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Ten new cases of the Ebola virus have been confirmed in Liberia, raising the total to 29, Assistant Health Minister Tolbert Nyensweah said Wednesday. Fourteen suspected cases have also been discovered, according to the government. In addition, three more people have died from the disease, which has so far claimed more than 30 lives in Liberia, according to the United Nations' World Health Organization (WHO). Of the confirmed cases, 21 are in northern Lofa County, while eight are in the capital Monrovia, Nyensweah told dpa. The Health Ministry has asked the public to inform the authorities about any deaths occurring in homes or backyard clinics before burial. Ebola, which has a fatality rate of 90%, is one of the most contagious viral diseases known. In March, the virus spread from Guinea to neighbouring Liberia.
The World Health Organization on Wednesday announced it was changing the way it reports fatalities from the Ebola outbreak in Sierra Leone at the request of the government.
Previously, probable and suspected deaths from Ebola were included in the count but from now on, only laboratory confirmed cases will be reported, reducing the death toll in Sierra Leone from 58 to 34 as of Tuesday.
The way the deaths are reported in Guinea and Liberia, the other two countries hit by the outbreak, will remain unchanged, said WHO spokeswoman Fadela Chaib.
Doctors Without Borders has described the outbreak as "out of control" and said with cases in more than 60 sites, its resources are stretched to the limit.
"The epidemic is out of control," said Bart Janssens, MSF director of operations. "With the appearance of new sites in Guinea, Sierra Leone and Liberia, there is a real risk of it spreading to other areas."
"Ebola is no longer a public health issue limited to Guinea: it is affecting the whole of West Africa," said Janssens, urging WHO, affected countries and their neighbours to deploy more resources especially trained medical staff.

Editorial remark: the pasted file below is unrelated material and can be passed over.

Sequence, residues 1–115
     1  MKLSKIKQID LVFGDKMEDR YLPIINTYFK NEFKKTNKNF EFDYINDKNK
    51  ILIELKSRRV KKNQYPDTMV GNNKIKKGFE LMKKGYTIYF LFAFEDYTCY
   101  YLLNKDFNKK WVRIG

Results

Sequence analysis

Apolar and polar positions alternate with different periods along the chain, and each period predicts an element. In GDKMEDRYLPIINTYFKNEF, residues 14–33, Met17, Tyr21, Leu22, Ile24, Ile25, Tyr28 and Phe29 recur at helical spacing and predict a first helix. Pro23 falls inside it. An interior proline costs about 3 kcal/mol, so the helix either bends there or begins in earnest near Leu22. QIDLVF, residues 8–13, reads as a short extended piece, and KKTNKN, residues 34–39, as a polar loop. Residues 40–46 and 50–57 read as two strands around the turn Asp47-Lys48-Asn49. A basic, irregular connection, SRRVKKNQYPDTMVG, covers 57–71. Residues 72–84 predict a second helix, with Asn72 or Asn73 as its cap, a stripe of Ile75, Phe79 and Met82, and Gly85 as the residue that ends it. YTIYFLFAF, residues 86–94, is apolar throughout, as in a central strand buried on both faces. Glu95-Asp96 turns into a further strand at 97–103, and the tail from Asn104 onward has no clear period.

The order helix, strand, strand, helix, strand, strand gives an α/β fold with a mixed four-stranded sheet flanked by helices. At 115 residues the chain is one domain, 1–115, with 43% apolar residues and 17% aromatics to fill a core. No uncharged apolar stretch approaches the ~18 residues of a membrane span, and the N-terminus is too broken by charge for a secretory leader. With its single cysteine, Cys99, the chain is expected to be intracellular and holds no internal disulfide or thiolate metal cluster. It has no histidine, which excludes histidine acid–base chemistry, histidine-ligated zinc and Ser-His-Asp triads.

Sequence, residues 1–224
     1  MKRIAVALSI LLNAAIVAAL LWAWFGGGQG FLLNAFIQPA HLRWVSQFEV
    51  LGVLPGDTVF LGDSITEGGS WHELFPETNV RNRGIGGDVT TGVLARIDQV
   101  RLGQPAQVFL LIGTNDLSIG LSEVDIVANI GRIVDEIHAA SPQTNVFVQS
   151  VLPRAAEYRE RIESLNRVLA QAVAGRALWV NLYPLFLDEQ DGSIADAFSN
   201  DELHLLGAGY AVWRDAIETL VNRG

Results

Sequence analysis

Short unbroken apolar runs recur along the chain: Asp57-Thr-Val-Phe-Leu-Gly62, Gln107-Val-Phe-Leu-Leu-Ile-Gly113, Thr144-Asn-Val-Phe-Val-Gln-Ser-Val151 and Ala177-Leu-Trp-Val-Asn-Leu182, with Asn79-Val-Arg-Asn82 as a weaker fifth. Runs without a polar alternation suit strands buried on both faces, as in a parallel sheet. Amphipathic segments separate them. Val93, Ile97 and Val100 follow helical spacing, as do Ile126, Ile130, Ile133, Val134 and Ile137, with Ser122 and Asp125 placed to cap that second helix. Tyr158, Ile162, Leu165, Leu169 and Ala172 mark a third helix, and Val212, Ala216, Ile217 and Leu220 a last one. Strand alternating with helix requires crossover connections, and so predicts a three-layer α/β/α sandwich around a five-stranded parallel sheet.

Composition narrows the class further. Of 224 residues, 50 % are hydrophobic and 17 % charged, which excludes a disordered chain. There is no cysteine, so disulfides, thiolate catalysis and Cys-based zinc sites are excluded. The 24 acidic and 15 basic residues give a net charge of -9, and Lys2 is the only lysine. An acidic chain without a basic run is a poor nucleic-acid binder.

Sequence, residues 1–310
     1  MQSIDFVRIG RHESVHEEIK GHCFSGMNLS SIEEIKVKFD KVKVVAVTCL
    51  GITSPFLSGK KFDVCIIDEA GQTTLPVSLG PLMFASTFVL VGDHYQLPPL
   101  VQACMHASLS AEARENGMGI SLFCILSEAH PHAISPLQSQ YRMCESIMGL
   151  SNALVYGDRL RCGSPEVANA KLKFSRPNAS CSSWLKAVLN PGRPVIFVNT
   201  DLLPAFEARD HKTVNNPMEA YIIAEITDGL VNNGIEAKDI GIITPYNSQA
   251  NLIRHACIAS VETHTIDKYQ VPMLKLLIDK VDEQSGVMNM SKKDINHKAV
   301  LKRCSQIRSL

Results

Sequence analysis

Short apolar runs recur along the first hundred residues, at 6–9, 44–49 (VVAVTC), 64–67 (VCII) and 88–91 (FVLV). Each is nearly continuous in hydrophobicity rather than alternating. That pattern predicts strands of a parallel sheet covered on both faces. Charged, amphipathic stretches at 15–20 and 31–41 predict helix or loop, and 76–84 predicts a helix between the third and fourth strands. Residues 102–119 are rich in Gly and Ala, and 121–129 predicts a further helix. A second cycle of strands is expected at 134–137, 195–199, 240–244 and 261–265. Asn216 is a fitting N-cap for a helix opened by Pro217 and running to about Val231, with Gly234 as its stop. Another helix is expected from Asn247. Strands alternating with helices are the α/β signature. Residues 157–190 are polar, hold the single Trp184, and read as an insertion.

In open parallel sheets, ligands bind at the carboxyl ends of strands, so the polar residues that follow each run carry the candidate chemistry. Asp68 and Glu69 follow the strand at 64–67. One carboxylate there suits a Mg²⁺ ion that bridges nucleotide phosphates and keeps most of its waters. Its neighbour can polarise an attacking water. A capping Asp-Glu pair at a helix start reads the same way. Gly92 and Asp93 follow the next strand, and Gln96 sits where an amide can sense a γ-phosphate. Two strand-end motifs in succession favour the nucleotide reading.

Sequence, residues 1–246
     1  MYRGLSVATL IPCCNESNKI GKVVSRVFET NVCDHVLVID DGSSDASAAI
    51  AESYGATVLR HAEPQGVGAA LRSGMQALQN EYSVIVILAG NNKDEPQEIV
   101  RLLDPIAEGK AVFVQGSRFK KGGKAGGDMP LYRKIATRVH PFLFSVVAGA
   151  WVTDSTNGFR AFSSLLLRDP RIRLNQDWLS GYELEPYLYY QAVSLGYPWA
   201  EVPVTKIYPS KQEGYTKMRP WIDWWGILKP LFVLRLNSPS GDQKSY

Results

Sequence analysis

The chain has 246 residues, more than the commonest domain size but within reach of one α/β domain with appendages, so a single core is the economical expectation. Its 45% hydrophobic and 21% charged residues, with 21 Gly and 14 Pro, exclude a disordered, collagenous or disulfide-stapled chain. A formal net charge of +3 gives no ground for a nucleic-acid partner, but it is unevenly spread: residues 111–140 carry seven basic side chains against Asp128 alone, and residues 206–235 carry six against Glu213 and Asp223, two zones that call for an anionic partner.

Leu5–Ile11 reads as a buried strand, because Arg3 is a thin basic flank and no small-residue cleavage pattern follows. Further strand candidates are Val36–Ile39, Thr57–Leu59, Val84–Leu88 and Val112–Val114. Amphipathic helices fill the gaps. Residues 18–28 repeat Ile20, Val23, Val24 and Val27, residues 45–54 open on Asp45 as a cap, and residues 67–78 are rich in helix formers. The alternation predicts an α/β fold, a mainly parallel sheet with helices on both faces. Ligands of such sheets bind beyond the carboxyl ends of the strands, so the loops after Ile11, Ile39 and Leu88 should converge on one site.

Reston virus (abbreviated RESTV) was first described in 1990 as a new "strain" of Ebola virus (EBOV), a result of mutation from Ebola virus. It is the single member of the species Reston ebolavirus, which is included into the genus Ebolavirus, family Filoviridae, order Mononegavirales. Reston virus is named after Reston, Virginia, US, where the virus was first discovered.
RESTV was discovered in crab-eating macaques from Hazleton Laboratories (now Covance) in 1989. This attracted significant media attention due to the proximity of Reston to the Washington, DC metro area, and the lethality of a closely related Ebola virus. Despite its status as a level-4 organism, Reston virus is non-pathogenic to humans, though hazardous to monkeys; the perception of its lethality was confounded due to the monkey's coinfection with Simian hemorrhagic fever virus (SHFV).
Ebola outbreaks have been restricted to Africa, with the exception of Reston ebolavirus.
As long as no funeral homes have hearses with pro-Al Qaeda or ISIS bumper stickers....
That was a plot in a book and made a pretty good novel too. That was back before persistent Ebola outbreaks in absurdly accessible areas started becoming more common.
So this arSticle is a bit misleading in that respect but that's to be expected because the Global Progressives want to make the biggest possible deal they can out of this;
Even if an infected person crawled upon an airplane and landed in Newark, by the time they showed symptoms, the US medical protocols would probably stop any spread from that individual.
The outbreak in West Africa is the largest in history. Nearly 500 people have caught the hemorrhagic virus in Guinea, Liberia and Sierra Leone. The death toll so far is 338, the World Health Organization said Tuesday.
"The chance of Ebola spreading out of West Africa is very, very low," says infectious disease specialist Kamran Khan, with St. Michael's Hospital in Toronto. "But if it did spread, Paris is probably the first city on the list."
When news broke that the Ebola virus had resurfaced in Uganda, investigators in Canada were making headlines of their own with research indicating the deadly virus may spread between species, through the air.
The team, comprised of researchers from the National Centre for Foreign Animal Disease, the University of Manitoba, and the Public Health Agency of Canada, observed transmission of Ebola from pigs to monkeys. They first inoculated a number of piglets with the Zaire strain of the Ebola virus. Ebola-Zaire is the deadliest strain, with mortality rates up to 90 percent. The piglets were then placed in a room with four cynomolgus macaques, a species of monkey commonly used in laboratories. The animals were separated by wire cages to prevent direct contact between the species.